Homeless Advocates Call for Support of Arnold Abbott, 90-Year-Old Cited for Feeding the Homeless in Fort Lauderdale

Arnold Abbott, the 90-year-old homeless advocate who was cited earlier this week for feeding the homeless, and could be facing jail time, is planning on returning to his old spot in Fort Lauderdale to continue breaking the law by feeding the hungry.

Abbott, along with three others, was cited Sunday by Fort Lauderdale Police for violating a new city ordinance that restricts groups from feeding the homeless in public areas.

Abbott, who has been feeding the city's homeless since 1991, made news as the face of the first person to be cited for violating the ordinance, which was passed in late October.

But this isn't the first time Abbott has had a run-in with the law preventing him from helping the helpless, and he's already made it clear he plans to keep to his weekly routine of feeding the homeless on Wednesdays on Fort Lauderdale Beach.

See also: At the Beach With Arnold Abbott, Fort Lauderdale's Homeless-Feeding Advocate

Another homeless advocate, Matheau Moore, has taken to Facebook to encourage others to begin pooling funds for Abbott's eventual second arrest Wednesday evening.

"I would like to encourage other sharing groups to begin preparations to organize legal fund collections for Mr. Abbott who, if he is arrested again this evening when he has declared his intention to show up on the beach to distribute food, will face 4 months in jail and a $1,000 fine," Moore wrote on his Facebook page.

Moore also says he spoke to Abbott and posted this update as well:

"I know that I will be arrested again, and I am prepared for that," Abbott said by phone from his office at Love Thy Neighbor Inc., a nonprofit he established in honor of his wife, Maureen, after her death in a car accident 23 years ago. "I am my brother's keeper, and what they are doing is just heartless."

Moore is hoping to spread the word of Abbott's intentions of feeding the homeless Wednesday in light of eight members of the homeless advocate group Food Not Bombs also being arrested.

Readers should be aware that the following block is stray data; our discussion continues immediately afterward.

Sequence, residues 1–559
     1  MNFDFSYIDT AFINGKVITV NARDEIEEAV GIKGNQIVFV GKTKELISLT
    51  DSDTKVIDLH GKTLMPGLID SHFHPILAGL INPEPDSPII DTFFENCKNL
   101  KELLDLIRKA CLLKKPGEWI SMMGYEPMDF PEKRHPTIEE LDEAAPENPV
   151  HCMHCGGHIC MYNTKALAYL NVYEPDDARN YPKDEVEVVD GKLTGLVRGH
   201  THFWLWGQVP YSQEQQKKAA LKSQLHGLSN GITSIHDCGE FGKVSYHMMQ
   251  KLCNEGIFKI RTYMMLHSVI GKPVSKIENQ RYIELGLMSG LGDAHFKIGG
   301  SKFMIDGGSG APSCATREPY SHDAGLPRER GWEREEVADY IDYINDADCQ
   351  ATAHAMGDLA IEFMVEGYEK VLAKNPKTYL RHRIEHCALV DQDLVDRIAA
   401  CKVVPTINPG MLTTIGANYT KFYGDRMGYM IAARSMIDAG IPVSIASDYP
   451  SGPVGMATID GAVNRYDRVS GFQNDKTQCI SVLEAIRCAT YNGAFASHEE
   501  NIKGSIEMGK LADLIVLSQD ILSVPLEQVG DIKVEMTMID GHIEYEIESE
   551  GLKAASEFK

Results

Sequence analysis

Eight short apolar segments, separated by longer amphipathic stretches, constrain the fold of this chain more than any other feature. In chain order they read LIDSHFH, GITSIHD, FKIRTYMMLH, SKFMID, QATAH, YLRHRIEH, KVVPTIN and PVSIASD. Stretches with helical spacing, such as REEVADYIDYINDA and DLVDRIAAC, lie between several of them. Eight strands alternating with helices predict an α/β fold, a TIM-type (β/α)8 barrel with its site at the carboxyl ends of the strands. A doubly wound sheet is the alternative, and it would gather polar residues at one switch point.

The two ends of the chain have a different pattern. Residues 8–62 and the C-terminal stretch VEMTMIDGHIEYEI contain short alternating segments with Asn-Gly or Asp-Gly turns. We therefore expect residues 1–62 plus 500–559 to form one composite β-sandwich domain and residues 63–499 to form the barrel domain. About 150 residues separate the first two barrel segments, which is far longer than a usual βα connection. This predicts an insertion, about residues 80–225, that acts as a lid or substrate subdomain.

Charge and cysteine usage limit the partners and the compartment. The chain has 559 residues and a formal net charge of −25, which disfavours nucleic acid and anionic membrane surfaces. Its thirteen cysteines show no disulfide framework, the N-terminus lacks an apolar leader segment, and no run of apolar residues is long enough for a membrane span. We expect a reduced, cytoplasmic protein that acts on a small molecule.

On Tuesday, the eight were taken by police after they refused to leave the office of Chris Wren, executive director of Fort Lauderdale's Downtown Development Authority.

The group claim that they were told they could wait for Wren to show up and meet with them. But after someone called police, they were arrested.

For his part, Wren claims that one of the member of the group threatened his assistant.

"God bless" the protesters, and "America was founded on" protest, Wren told New Times on Tuesday. But, he added, the protesters "took it a little to the extreme" and they "threatened my staff; they were freaked out and said, 'We've got to lock the door.'"

As for Abbott showing up to his weekly 5:30 feeding of the homeless, Food Not Bombs' Jeff Weinberger -- who reported on Abbott's arrest for New Times -- says he's not sure if the 90-year-old will keep to his schedule but encourages people to show their support anyway.

"I'm not certain that Arnold Abbott plans on doing his regular Wednesday-night sharing tonight across from Bahia Mar on Fort Lauderdale Beach at 5:30 p.m.," he says. "But show up to support and bear witness and you'll find out. In other words, BE THERE!"

Send your story tips to the author, Chris Joseph. Follow Chris Joseph on Twitter

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